Germany's new transport minister, Alexander Dobrindt, has said that a toll for foreign cars on highways could be implemented by 2015. He postulated an annual pass costing 100 euros, to be reimbursed for domestic drivers.
Alexander Dobrindt told Sunday's mass-circulation "Bild am Sonntag" newspaper that he hoped for a new toll system for passenger vehicles on the German network of autobahns, or highways, by 2015. The CSU politician, a member of the Bavarian sister party to Angela Merkel's CDU, said the new German grand coalition government would work on draft laws next year.
"Then we will have sufficient time to discuss and to pass the draft legislation. In 2015, the technical implementation of the toll system for foreign car owners can begin," Dobrindt told Bild.
Dobrindt proposed an annual fee for a windshield sticker, or vignette, saying that it could be reimbursed for German drivers via a reduction in road taxes. The revenue generated could constitute "a return of billions," according to Dobrindt.
"The vignette is a tested, simple system to implement with minimal bureaucratic costs. One could start considering 100 euros ($136.7). But it could be a little more or a little less," Dobrindt said.
Dobrindt had previously suggested providing German motorists with a free autobahn license, delivered along with their year's road tax. Domestic critics have said this system would marginalize the savings made by drivers with low-emissions vehicles who pay less to license their cars.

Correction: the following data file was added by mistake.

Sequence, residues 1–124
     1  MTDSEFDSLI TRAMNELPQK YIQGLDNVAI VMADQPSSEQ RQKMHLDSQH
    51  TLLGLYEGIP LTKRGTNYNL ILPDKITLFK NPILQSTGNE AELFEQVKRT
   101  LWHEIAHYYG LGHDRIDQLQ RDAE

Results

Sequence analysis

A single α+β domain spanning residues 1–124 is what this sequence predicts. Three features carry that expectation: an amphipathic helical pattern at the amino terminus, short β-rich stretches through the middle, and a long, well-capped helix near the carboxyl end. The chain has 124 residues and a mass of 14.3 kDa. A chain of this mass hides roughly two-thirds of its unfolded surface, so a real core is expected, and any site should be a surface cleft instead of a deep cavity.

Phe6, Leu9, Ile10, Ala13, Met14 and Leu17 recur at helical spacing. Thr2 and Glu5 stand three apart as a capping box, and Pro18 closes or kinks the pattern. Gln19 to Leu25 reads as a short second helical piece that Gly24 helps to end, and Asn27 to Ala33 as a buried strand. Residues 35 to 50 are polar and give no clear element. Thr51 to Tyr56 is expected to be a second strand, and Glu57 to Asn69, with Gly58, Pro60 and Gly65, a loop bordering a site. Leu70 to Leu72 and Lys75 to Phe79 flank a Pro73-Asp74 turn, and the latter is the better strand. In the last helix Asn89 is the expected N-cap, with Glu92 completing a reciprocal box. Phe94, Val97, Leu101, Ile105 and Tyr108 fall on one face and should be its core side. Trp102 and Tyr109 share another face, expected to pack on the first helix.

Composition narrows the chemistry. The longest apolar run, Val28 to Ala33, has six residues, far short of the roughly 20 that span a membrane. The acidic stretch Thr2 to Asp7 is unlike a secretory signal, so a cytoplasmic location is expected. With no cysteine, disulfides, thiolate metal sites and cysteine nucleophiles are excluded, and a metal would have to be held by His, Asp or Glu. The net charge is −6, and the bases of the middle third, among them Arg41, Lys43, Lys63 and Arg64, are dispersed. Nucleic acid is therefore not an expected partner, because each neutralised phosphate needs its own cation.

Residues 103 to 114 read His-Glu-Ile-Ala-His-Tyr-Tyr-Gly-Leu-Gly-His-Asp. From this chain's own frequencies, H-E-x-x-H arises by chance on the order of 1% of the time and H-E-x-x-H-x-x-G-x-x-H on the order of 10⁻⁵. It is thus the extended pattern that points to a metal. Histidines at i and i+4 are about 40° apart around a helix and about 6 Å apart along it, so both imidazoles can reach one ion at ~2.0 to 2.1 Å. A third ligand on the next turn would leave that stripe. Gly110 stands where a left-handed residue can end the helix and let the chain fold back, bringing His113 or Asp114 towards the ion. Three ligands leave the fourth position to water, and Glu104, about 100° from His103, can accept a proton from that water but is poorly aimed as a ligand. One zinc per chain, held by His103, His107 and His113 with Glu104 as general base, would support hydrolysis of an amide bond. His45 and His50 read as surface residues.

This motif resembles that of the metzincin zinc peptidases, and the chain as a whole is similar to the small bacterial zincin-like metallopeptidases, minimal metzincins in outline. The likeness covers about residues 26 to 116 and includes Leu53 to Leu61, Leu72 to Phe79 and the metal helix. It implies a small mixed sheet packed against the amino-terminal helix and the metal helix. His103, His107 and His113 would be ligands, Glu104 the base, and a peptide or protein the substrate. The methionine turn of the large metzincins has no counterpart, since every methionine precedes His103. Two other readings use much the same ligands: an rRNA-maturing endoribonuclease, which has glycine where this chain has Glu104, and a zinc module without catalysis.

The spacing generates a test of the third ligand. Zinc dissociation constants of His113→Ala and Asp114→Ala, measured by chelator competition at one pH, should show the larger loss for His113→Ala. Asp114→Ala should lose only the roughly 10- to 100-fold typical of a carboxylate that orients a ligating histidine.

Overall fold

Legal hurdles at European level?
Austria, Hungary and the Czech Republic are among the EU countries currently using an annual toll - as opposed to the distance-based toll system used in parts of EU members including France, Spain and Italy. What would differentiate the proposed German system from all of these, however, is the proposed exemption or rebate for domestic drivers - an issue that critics believe to be potentially problematic under EU laws.
Currently, EU law also stipulates that countries favoring the annual fee aimed at frequent visitors also offer a cheaper short-term alternative, with Brussels suggesting a period of between one week or one month as appropriate.
Germany's largest motorists' organization, the ADAC, has opposed the proposal, telling public broadcaster ARD that the toll would only bring in worthwhile revenues if it was levied on domestic motorists as well.
'Made in Bavaria'
Formerly the CSU's secretary general, almost a Bavarian understudy to State Premier Horst Seehofer, 43-year-old Dobrindt moved into a federal post for the first time this week as part of Merkel's newly-confirmed cabinet.
The CSU arguably suffered with the arrival of the Social Democrats in the German government, effectively losing the interior ministry in exchange for the development ministry as part of a three-way shuffle. But the important Bavarian wing of Merkel's center-right alliance retained the transport and digital infrastructure portfolio, placing Dobrindt, a vocal advocate of the autobahn tolls, in the post.
Dobrindt is therefore charged with implementing what's becoming a flagship policy for the CSU - at least insofar as neither Merkel's Christian Democrats nor the Social Democrats have openly advocated it - on the national stage. The explicit mention of considering a toll on foreign cars in the German coalition agreement was often cited as a major concession secured by the CSU during the three-party talks.
Germany first implemented a distance-based toll system for heavy goods vehicles, including those registered domestically, in 2005.
msh/tj (AFP, dpa, Reuters)